Teacher absolutely exhausted at work.....what can my employer do?(13 Posts)
I am currently 16 weeks pregnant with my second baby (dd1 23mo) and work full-time as a PE teacher in a secondary school. Last time I was pregnant everything was a breeze but this time I am absolutely exhausted both physically and mentally. I teach a full timetable, some days teaching 5 1-hour practical lessons outside and running after school clubs. I feel like it is literally killing me! This Thursday I arrived at work at 8am, got out of my car and absolutely broke down (for nearly an hour) at the prospect of being on my feet from 8.30 until 5pm with what usually amounts to around a 15 minute sit-down throughout the day on top of how exhausted I was already feeling. We recently had our lunch break cut from 55 minutes to 30 (in reality in such a busy school even just getting from A to B cuts it down to about 20!) which has also been a huge shock to the system and really doesn't give me a chance to sit down and do nothing for even a few minutes.
I raised my concerns with my Head of Department on Thursday (once I'd managed to stop myself from crying.....cringe!). He got me one lesson covered so I could sort myself out and then in our meeting on Friday asked me if I wouldn't mind doing an extra hour on a Thursday evening for the next 5 weeks! He obviously didn't get how I was feeling!
I am at my wits end and being only 16 weeks pregnant this really worries me. I know deep down that I need to slow down but I just can't see how I can without calling in sick and I've still got almost 6 months to go!
I'm not sure what my employer can/will be willing to do to reduce my workload. Has anyone ever got a sick note recommending reduced hours or alterations to the working day?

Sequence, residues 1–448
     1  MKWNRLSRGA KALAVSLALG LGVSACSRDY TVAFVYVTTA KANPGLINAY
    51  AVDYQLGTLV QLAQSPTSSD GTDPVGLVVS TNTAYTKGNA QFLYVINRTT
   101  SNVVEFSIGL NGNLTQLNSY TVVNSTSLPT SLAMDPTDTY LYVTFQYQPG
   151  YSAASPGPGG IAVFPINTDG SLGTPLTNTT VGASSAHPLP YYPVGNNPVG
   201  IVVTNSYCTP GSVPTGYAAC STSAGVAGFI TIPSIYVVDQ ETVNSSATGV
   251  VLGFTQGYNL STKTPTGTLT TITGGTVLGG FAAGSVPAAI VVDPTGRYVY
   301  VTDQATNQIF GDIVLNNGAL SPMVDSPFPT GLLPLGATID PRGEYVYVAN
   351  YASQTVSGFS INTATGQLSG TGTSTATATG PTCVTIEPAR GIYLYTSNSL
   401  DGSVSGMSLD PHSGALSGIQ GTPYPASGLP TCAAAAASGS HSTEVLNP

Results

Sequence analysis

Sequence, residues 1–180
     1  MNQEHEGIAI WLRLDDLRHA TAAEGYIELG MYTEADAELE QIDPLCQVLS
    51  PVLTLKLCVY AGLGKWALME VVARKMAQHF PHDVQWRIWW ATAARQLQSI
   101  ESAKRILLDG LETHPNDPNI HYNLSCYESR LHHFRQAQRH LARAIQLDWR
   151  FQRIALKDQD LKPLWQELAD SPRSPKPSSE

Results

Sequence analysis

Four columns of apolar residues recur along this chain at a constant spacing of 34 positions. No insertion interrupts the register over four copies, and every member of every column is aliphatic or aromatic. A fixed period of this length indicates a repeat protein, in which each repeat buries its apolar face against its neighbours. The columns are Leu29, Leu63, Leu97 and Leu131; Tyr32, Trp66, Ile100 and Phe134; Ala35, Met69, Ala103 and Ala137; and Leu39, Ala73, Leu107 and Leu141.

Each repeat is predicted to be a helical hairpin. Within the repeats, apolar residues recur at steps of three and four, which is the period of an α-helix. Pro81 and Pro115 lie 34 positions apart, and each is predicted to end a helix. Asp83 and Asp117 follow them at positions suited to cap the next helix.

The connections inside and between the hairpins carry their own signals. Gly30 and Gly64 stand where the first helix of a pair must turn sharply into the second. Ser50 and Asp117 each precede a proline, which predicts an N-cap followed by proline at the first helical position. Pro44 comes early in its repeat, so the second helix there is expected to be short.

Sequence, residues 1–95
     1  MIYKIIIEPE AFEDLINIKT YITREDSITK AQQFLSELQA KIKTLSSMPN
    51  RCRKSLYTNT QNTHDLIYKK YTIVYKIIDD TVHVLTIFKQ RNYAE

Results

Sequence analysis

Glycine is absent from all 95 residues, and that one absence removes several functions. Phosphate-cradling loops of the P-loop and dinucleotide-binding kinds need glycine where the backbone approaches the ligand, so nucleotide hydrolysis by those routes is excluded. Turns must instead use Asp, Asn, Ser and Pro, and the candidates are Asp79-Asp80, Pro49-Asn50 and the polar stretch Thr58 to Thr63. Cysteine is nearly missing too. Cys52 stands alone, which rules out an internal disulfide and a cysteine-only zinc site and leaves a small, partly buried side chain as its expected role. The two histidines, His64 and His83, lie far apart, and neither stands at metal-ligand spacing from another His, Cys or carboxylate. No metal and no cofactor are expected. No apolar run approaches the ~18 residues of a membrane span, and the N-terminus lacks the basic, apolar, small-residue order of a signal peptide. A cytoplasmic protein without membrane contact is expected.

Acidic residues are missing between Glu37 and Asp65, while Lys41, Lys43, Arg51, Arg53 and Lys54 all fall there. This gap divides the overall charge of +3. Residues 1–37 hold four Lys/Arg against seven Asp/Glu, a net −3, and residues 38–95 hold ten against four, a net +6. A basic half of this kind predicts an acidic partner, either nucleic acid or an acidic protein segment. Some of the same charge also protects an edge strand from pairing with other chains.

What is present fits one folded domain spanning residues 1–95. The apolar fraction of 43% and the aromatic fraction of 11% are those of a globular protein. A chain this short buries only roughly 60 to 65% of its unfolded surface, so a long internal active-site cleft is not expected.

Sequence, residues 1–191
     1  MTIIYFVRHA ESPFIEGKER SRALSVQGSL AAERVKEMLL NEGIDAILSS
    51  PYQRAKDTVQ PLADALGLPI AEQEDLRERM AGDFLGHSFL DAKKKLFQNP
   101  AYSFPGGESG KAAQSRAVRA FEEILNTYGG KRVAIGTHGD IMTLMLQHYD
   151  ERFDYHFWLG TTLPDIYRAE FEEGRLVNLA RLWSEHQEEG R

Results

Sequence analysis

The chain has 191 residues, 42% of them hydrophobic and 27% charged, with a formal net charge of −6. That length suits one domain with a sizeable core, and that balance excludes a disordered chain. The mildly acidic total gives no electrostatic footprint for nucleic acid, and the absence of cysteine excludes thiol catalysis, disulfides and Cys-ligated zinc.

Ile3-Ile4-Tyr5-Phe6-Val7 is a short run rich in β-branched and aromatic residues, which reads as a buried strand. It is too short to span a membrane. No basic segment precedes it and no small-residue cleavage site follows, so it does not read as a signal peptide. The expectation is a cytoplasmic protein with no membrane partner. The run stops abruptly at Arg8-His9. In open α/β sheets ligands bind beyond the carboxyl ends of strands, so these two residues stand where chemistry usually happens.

A bit of a rant but would love to hear from anyone who has been in a similar position. Thanks x
You need to go to your GP and get a fit note, outlining exactly what you're capable of in terms of duties and hours. Try to think of adjustments that could be made - reduced hours, perhaps directing lessons from a camping chair that you can carry around, etc.
Then take that back to your line manager and go from there. Try to sell it to them as you trying to find a way to work around it.
Self-refer to Occupational Health or ask you HoD to do so.
I imagine they would rather have you on reduced duties than pay for you to be signed off sick so it should be a productive process.
Have you been to your GP? It sounds like you could be anaemic maybe?
jules I'm sorry to hear your so exhausted it sounds like your doing a great job and working super hard so it must be so hard! I'm just going into my first pregnancy and already panicking about working whilst pregnant (I work in a very busy nursery) so I imagine how hard it must be! I hope your GP and school can help support you whilst you grow your little human!
I'm a teacher and suffered badly from hg in the first few months. My gp did me a note saying I could only teach important exam classes eg yr 11 and 13, they have to do it. Do you have a risk assessment? Lots of things can be put in place on there, such as a chair and rest breaks. Mine says things like can only work at computer for an hour etc... They were supposed to also support me with spare cover during practical lessons but never did so I complained to the deputy after being off with exhaustion. I've pretty much had someone in every lesson since. Go to your gp, if needs be be off with stress/exhaustion to make them understand what you are going through. Then Make sure you speak to the people at school who will make things happen, I know this is not my hod as it sounds like it's not yours either. Take care